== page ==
There is one bit of advice given to us by the ancient heathen Greeks, and by the Jews in the Old Testament, and by the great Christian teachers of the Middle Ages, which the modern economic system has completely disobeyed. All these people told us not to lend money at interest: and lending money at interest - what we call investment - is the basis of our whole system.
This is certainly challenging. But there are some subtleties that should be kept in mind. First, the Old Testament passages seem to be mostly concerned about charging interest to the poor and needy and/or Israelites. Second, the church banning the charging of interest has a long and troubled history which is nicely recounted on the Wikipedia entry on Usury. For example,
Lateran III decreed that persons who accepted interest on loans could receive neither the sacraments nor Christian burial. Pope Clement V made the belief in the right to usury a heresy in 1311, and abolished all secular legislation which allowed it. Pope Sixtus V condemned the practice of charging interest as "detestable to God and man, damned by the sacred canons and contrary to Christian charity."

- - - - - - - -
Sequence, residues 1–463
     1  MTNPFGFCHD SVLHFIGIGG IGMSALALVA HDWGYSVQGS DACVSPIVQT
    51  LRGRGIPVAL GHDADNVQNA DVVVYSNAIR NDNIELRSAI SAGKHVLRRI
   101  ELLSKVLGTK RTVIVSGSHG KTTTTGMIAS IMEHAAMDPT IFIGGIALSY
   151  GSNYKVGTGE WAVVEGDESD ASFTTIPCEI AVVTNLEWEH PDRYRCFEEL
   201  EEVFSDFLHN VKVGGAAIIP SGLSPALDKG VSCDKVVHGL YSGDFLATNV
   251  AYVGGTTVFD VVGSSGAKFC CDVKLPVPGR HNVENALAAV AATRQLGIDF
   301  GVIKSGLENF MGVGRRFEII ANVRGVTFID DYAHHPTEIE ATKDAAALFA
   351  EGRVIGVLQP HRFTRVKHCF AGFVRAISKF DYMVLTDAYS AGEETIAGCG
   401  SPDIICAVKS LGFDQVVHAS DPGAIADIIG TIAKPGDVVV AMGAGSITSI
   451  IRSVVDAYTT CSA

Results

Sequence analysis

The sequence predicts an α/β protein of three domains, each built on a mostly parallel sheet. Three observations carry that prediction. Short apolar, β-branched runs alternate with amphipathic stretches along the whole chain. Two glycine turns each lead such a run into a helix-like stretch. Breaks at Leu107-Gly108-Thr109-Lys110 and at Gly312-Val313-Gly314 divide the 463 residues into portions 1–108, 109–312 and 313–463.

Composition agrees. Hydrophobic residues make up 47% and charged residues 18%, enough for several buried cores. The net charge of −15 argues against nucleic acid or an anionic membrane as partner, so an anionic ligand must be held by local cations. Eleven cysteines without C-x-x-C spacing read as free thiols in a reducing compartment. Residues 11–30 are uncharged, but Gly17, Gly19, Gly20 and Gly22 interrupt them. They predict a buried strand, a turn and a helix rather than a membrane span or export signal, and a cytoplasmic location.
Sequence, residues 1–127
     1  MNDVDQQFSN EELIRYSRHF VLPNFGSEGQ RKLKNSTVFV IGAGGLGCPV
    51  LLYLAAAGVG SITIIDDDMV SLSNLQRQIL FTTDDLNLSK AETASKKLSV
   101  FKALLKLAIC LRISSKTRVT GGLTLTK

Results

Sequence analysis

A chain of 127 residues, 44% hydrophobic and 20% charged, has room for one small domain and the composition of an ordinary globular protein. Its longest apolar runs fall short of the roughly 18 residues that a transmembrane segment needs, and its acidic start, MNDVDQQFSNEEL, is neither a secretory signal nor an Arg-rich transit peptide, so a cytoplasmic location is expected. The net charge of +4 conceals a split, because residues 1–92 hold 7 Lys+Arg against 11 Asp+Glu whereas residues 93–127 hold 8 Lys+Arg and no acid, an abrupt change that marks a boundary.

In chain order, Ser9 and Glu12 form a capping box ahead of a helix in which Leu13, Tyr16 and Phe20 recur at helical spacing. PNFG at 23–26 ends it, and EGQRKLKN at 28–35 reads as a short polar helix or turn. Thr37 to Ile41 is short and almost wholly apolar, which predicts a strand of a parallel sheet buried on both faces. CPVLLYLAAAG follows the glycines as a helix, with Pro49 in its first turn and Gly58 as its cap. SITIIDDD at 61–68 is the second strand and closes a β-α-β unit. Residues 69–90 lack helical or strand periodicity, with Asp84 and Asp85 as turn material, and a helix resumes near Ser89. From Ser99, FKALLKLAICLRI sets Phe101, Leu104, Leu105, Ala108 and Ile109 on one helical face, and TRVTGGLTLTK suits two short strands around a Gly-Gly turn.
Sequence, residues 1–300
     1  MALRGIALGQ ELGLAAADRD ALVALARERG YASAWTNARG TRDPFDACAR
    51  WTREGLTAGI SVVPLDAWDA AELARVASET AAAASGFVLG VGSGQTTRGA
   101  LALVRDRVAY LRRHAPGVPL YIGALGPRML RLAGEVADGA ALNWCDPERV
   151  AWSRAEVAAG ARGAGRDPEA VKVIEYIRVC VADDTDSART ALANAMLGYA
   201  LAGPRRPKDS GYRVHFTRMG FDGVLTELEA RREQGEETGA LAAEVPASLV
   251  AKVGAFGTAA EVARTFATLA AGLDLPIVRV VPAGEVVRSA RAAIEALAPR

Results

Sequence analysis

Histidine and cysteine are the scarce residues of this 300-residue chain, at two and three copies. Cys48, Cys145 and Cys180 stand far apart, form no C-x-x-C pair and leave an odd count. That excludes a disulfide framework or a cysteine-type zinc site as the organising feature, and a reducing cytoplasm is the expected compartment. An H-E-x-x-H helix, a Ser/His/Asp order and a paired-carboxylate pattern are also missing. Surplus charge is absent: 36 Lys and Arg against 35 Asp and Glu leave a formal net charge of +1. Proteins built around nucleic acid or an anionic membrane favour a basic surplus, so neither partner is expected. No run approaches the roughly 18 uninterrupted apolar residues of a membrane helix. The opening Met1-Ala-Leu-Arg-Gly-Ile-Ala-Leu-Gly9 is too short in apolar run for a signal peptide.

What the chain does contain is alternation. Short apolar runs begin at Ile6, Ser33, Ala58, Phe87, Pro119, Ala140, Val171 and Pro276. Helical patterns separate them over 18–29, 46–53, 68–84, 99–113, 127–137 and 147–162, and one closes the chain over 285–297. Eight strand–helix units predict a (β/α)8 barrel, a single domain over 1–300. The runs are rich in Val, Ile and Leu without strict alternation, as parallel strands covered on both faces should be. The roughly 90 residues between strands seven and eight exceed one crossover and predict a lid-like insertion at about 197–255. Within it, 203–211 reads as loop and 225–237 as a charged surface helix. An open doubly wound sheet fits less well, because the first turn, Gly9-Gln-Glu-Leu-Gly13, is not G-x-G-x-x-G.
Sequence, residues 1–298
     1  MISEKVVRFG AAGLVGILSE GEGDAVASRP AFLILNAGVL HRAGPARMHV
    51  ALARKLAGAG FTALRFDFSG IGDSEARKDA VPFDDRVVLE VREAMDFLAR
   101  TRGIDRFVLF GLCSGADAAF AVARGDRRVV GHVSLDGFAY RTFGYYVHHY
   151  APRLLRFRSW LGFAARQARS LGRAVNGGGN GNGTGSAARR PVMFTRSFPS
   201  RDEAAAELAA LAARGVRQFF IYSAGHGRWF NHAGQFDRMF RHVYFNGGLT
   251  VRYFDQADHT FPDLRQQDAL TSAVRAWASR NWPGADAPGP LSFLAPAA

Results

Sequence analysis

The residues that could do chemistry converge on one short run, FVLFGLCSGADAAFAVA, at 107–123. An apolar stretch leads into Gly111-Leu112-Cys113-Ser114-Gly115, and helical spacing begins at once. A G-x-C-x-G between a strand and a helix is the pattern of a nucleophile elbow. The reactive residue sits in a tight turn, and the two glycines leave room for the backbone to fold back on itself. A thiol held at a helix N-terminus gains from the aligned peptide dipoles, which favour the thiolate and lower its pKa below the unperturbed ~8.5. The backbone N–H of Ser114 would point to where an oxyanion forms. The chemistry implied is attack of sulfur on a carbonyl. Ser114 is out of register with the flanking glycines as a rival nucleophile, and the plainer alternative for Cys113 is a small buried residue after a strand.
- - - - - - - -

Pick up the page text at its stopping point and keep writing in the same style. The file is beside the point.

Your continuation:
On the other hand, I agree with Lewis [and the Global Financial Crisis provides significant empirical evidence!] that we have a problem. God wants us to forsake greed and be concerned with justice and equity.